JS: I would say that the toughest, hardest decision was to get into politics. I had seen the nexus of politics when I served President Clinton as his Director for Defense Policy for three years from the White House. But I had no real interest in it. I was doing it not because I wanted to, I needed to. I owed this country for saving my daughter, with the healthcare plan we had. I think it was to get into politics and I mean that. Because I said to my wife, "We're going to be naked tomorrow." Everything's out there. You hope you've lived a good life because of that and all. It was hard because after that experience, I don't think there would've been anything I would have rather have done than to just be home every moment I could with my daughter. But I owed this country. I think the hardest thing was to decide rather than just basically almost retiring was to get into this area because you know, in the military we learn war is politics by other means. But you know, politics is also war by other means. So that was a change in life and style and all, even though there’re similarities, that I think was the toughest decision I ever had to make.
KH: Well, Joe, Admiral Sestak, thank you so much for making time and enjoy your stay in the Admiral Suite at the Econo Lodge in Des Moines. We'd love to have you back on.
KH: Thanks again to Admiral Joe Sestak for joining me. Joe was a Democratic candidate for president, but he dropped out of the race earlier this month.
Joe talked to me about his daughter, Alexandra. He said that she motivated him to run for office and that she continues to inspire him with her strength. We wanted to hear from you about a person in your life who inspires you. Here’s what you said:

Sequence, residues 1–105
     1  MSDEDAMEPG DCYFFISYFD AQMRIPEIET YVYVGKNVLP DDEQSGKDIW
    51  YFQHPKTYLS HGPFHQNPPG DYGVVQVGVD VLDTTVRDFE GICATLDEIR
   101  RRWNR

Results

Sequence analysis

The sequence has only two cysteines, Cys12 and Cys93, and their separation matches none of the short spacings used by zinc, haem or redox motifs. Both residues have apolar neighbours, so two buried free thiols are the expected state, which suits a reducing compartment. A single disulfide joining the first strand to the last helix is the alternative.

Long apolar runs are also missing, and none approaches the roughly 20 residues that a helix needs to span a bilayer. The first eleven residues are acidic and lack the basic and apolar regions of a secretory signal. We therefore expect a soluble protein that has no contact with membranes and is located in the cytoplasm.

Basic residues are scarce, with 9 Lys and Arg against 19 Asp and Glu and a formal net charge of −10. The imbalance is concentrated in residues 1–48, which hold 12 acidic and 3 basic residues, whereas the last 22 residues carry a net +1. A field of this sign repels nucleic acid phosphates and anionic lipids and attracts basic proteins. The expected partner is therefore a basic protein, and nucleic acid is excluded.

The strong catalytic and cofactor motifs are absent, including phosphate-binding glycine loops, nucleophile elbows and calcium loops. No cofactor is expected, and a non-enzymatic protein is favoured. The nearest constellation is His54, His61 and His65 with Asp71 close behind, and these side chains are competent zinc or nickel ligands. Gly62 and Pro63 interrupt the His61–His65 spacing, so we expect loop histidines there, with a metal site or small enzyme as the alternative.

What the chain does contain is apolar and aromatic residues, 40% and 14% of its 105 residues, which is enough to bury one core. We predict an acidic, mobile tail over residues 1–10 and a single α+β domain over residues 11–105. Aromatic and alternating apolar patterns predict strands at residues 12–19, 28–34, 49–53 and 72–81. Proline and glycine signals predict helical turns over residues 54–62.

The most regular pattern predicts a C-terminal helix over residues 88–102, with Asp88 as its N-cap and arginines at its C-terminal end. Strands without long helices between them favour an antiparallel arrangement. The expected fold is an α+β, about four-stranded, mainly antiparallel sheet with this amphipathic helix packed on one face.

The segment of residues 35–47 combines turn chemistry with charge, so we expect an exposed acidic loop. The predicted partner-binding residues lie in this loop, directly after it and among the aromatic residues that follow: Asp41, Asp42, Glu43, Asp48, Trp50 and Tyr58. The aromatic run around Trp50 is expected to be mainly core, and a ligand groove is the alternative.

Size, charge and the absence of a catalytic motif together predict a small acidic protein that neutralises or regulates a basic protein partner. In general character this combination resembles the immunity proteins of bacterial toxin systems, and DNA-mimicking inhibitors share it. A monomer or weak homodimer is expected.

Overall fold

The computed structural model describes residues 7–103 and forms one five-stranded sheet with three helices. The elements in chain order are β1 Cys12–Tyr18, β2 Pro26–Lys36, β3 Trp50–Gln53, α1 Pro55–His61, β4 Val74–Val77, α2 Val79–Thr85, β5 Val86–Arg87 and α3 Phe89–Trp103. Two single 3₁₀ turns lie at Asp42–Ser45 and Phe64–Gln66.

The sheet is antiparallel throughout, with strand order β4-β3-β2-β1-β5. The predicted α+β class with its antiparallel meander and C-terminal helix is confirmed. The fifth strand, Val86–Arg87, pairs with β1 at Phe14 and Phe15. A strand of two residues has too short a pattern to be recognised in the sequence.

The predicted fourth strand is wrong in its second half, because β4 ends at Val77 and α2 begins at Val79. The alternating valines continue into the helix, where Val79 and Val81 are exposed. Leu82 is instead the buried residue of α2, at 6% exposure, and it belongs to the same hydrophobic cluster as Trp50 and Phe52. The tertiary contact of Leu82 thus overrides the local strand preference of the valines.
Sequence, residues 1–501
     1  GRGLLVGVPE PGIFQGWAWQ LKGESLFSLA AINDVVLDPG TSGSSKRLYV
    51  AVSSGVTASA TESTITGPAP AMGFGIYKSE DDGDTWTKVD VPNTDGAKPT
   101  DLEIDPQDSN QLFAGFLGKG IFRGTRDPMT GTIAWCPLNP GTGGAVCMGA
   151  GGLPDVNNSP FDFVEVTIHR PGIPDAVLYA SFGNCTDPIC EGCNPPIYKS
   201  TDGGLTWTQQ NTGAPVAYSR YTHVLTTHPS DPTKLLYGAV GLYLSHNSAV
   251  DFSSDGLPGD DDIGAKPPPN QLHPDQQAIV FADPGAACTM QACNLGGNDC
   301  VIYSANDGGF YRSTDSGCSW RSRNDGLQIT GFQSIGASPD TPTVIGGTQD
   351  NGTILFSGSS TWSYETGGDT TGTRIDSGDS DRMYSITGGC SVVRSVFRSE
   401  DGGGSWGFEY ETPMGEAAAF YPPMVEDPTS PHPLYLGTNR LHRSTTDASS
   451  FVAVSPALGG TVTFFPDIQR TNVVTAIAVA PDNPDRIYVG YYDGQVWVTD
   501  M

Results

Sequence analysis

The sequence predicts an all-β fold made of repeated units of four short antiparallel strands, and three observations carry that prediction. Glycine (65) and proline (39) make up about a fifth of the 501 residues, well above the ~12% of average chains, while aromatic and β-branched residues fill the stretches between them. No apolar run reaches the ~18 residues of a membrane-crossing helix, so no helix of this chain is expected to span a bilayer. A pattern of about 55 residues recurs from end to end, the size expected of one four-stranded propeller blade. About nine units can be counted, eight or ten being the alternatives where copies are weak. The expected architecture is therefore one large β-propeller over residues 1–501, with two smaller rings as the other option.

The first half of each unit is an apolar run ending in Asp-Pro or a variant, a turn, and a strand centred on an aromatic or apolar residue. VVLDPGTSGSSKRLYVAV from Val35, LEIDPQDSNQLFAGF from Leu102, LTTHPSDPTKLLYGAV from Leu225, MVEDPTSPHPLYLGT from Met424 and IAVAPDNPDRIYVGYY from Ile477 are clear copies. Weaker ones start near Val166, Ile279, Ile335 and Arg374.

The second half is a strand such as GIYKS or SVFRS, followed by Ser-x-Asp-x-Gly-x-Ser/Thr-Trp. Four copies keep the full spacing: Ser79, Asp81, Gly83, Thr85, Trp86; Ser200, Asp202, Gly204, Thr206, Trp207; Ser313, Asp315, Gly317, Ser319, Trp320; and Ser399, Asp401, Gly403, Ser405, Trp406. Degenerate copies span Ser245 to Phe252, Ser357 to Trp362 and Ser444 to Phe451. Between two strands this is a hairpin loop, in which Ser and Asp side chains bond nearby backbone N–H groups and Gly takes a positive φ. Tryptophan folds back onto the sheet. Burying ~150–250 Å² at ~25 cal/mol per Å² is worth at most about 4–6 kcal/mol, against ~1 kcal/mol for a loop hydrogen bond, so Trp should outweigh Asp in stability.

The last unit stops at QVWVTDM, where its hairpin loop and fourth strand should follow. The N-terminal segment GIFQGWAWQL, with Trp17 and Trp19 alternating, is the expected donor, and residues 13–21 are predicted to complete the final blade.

Speaker 1: So I have a friend, she’s a single mom with two tiny kids, she runs her own psychotherapy practice, so she spends all of her time helping other people and raising her kids. She seems to me to have endless strength and energy. I think strength and resilience though sometimes implies like a hard outer shell, but she doesn’t have that at all either, which I think is all the more inspiring. Yea, she’s the best!
KH: Next time, I’m talking to Adam Frankel, former speechwriter for President Obama and author of a new memoir: The Survivors, A Story of War, Inheritance, and Healing. Adam talks about generational trauma from the Holocaust and the importance of honesty in his family’s healing process.
And we want you to join our discussion. Has your family benefited from having an honest but difficult conversation? Or if not, could you? Leave us a message at 216-245-5461 or send a voice memo to email@example.com.
But first, watch out for a special bonus episode. In my conversation with Joe, I mentioned the plight of American Samoans, who have the highest rate of military service in the country, but are being denied their full rights. I spoke with Army Staff Sergeant Jen Afualo-Robinson and you can hear that conversation next week.
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I’m Ken Harbaugh and this is Burn the Boats, a podcasts about big decisions.